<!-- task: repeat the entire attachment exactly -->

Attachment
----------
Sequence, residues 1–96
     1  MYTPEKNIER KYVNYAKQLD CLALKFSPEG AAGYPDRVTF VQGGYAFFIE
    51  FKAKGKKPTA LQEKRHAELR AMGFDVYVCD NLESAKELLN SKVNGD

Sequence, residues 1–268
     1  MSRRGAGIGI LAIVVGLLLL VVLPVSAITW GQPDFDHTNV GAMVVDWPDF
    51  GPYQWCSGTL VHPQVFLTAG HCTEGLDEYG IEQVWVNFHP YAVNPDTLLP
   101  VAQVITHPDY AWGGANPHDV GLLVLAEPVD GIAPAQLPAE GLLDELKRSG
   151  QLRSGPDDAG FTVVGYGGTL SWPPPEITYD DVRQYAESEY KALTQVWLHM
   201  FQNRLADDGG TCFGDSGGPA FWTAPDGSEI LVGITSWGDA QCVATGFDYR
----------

Sequence, residues 1–96
     1  MYTPEKNIER KYVNYAKQLD CLALKFSPEG AAGYPDRVTF VQGGYAFFIE
    51  FKAKGKKPTA LQEKRHAELR AMGFDVYVCD NLESAKELLN SKVNGD

Sequence, residues 1–268
     1  MSRRGAGIGI LAIVVGLLLL VVLPVSAITW GQPDFDHTNV GAMVVDWPDF
    51  GPYQWCSGTL VHPQVFLTAG HCTEGLDEYG IEQVWVNFHP YAVNPDTLLP
   101  VAQVITHPDY AWGGANPHDV GLLVLAEPVD GIAPAQLPAE GLLDELKRSG
   151  QLRSGPDDAG FTVVGYGGTL SWPPPEITYD DVRQYAESEY KALTQVWLHM
   201  FQNRLADDGG TCFGDSGGPA FWTAPDGSEI LVGITSWGDA QCVATGFDYR